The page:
For cases involving ECMO or massive transfusions, development of decision aids for intensive care units or early involvement of hospital ethics committees should be considered. Our institution has developed a program of preventive ethics wherein an ethics consultant rounds regularly in intensive care settings and attempts to identify ECMO or transfusion cases that might progress to deliberations about futility or resource overutilization. Determining ethically appropriate end-of-life care is a common reason why pediatricians request ethics consultations, and most report that these consultations were helpful in decision making.19 For patients receiving blood products, clinicians should draw upon available guidelines and decision aids, particularly when using extremely scarce resources such as crossmatched and HLA-matched platelets or in situations in which there is need to reserve blood products for other patients.6 If blood products are initiated and warranted, their continued usage must be regularly re-evaluated to ensure that it is consistent with goals of care. Decision aids can assist clinicians in determining when blood product usage should be re-evaluated, perhaps based on the number of units used or the product’s scarcity. Decision aids that provide appropriate parameters for transfusion, especially when developed in conjunction with an organization’s transfusion medicine service, can promote appropriate utilization.


  1. Johnson LM, Church CL, Metzger M, Baker JN. Ethics consultation in pediatrics: long-term experience from a pediatric oncology center. Am J Bioeth. 2015;15(5):3-17.
  2. Streuli JC, Staubli G, Pfändler-Poletti M, Baumann-Hölzle R, Ersch J. Five-year experience of clinical ethics consultations in a pediatric teaching hospital. Eur J Pediatr. 2014;173(5):629-636.
  3. Red Cross issues urgent call for blood donations heading into holiday season [press release]. Washington, DC: Red Cross; November 13, 2018. Accessed February 18, 2019.

  4. Hurst SA, Danis M. A framework for rationing by clinical judgment. Kennedy Inst Ethics J. 2007;17(3):247-266.
  5. Rosoff PM, Patel KR, Scates A, Rhea G, Bush PW, Govert JA. Coping with critical drug shortages: an ethical approach for allocating scarce resources in hospitals. Arch Intern Med. 2012;172(19):1494-1499.
  6. Smith LB, Cooling L, Davenport R. How do I allocate blood products at the end of life? An ethical analysis with suggested guidelines. Transfusion. 2013;53(4):696-700.
  7. Sihler KC, Napolitano LM. Complications of massive transfusion. Chest. 2010;137(1):209-220.
  8. Maradieque A. Minor’s rights versus parental rights: review of legal issues in adolescent health care. J Midwifery Womens Health. 2003;48(3):170-177.
  9. Santoro JD, Bennett M. Ethics of end of life decisions in pediatrics: a narrative review of the roles of caregivers, shared decision-making, and patient centered values. Behav Sci (Basel). 2018;8(5):42.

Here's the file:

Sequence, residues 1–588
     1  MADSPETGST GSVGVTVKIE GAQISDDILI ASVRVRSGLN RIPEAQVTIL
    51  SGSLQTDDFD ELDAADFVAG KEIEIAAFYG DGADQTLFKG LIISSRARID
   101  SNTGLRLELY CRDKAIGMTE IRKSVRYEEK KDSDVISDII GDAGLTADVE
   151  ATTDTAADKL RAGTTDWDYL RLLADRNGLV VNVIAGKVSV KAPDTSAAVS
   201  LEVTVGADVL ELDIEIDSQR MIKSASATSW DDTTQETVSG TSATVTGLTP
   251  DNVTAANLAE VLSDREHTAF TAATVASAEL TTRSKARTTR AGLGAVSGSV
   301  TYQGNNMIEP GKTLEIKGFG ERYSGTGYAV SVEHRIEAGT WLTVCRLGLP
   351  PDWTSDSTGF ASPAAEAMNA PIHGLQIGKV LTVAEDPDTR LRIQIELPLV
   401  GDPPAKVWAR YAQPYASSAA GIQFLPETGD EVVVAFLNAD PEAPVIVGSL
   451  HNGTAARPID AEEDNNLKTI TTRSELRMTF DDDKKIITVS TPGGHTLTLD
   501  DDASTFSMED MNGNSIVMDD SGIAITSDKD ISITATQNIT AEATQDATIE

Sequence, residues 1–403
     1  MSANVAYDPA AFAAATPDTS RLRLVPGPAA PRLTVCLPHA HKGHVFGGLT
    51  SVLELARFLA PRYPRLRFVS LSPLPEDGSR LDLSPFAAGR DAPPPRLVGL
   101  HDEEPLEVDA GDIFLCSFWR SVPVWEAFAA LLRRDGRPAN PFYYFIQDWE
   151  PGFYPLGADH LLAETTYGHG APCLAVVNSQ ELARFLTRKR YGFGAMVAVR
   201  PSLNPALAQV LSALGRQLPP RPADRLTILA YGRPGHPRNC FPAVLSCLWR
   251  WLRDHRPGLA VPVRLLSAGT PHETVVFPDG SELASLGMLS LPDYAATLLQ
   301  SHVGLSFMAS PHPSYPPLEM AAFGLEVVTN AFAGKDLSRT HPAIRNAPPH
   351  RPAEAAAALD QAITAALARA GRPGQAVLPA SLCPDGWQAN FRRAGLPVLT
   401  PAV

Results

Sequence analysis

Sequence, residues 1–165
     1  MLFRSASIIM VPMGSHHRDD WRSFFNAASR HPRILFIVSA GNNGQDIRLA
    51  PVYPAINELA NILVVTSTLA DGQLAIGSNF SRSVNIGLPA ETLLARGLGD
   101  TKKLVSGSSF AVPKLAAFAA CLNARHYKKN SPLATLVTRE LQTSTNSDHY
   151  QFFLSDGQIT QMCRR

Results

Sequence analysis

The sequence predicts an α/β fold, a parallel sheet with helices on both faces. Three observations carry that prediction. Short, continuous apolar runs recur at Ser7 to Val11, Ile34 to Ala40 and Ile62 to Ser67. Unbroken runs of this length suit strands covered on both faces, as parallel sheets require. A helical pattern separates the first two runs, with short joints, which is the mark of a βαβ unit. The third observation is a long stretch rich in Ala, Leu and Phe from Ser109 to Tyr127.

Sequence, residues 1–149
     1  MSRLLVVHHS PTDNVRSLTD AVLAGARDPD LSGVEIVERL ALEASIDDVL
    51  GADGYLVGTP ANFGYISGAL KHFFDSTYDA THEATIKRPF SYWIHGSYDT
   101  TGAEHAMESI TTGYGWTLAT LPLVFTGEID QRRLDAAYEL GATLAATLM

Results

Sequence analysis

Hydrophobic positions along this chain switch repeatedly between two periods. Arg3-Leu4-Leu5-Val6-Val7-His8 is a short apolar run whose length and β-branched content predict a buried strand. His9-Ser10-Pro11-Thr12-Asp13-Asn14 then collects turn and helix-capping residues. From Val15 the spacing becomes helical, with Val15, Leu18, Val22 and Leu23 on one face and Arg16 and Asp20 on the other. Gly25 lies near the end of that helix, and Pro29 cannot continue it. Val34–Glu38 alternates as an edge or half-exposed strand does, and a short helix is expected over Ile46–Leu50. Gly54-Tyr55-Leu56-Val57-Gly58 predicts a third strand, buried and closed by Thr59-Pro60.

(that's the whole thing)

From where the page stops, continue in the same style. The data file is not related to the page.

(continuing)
10. Colville G, Pierce C. Patterns of post-traumatic stress symptoms in families after paediatric intensive care. Intensive Care Med. 2012;38(9):1523-1531.
  11. Cornfield DN, Kahn JP. Decisions about life-sustaining measures in children: in whose best interests? Acta Paediatr. 2012;101(4):333-336.

  12. Prince v Massachusetts, 321 US 158 (1944).

  13. Hibbs SP, Nielsen ND, Brunskill S, et al. The impact of electronic decision support on transfusion practice: a systematic review. Transfus Med Rev. 2015;29(1):14-23.
  14. McCrory MC, Strouse JJ, Takemoto CM, Easley RB. Computerized physician order entry improves compliance with a manual exchange transfusion protocol in the pediatric intensive care unit. J Pediatr Hematol Oncol. 2014;36(2):143-147.
  15. Clark PA. Medical futility: legal and ethical analysis. Virtual Mentor. 2007;9(5):375-383.
  16. Müller R, Kaiser S. Perceptions of medical futility in clinical practice—a qualitative systematic review. J Crit Care. 2018;48:78-84.

  17. Dzeng E, Colaianni A, Roland M, et al. Moral distress amongst American physician trainees regarding futile treatments at the end of life: a qualitative study. J Gen Intern Med. 2016;31(1):93-99.
  18. Firn J, Marks A, Vercler C, Shuman A, Goldman E, Kamil LH; University of Michigan Health System. UMHHC Policy 03-07-009: withdrawal and withholding of medical treatments (non-beneficial treatment/intervention). Published November 2016. Accessed February 21, 2019.

  19. Morrison W, Womer J, Nathanson P, et al. Pediatricians’ experience with clinical ethics consultation: a national survey. J Pediatr. 2015;167(4):919-924.el.

Editor's Note

The case to which this commentary is a response was developed by the editorial staff.


AMA J Ethics. 2019;21(10):E852-857.



Conflict of Interest Disclosure

The author(s) had no conflicts of interest to disclose. 

The people and events in this case are fictional. Resemblance to real events or to names of people, living or dead, is entirely coincidental. The viewpoints expressed in this article are those of the author(s) and do not necessarily reflect the views and policies of the AMA.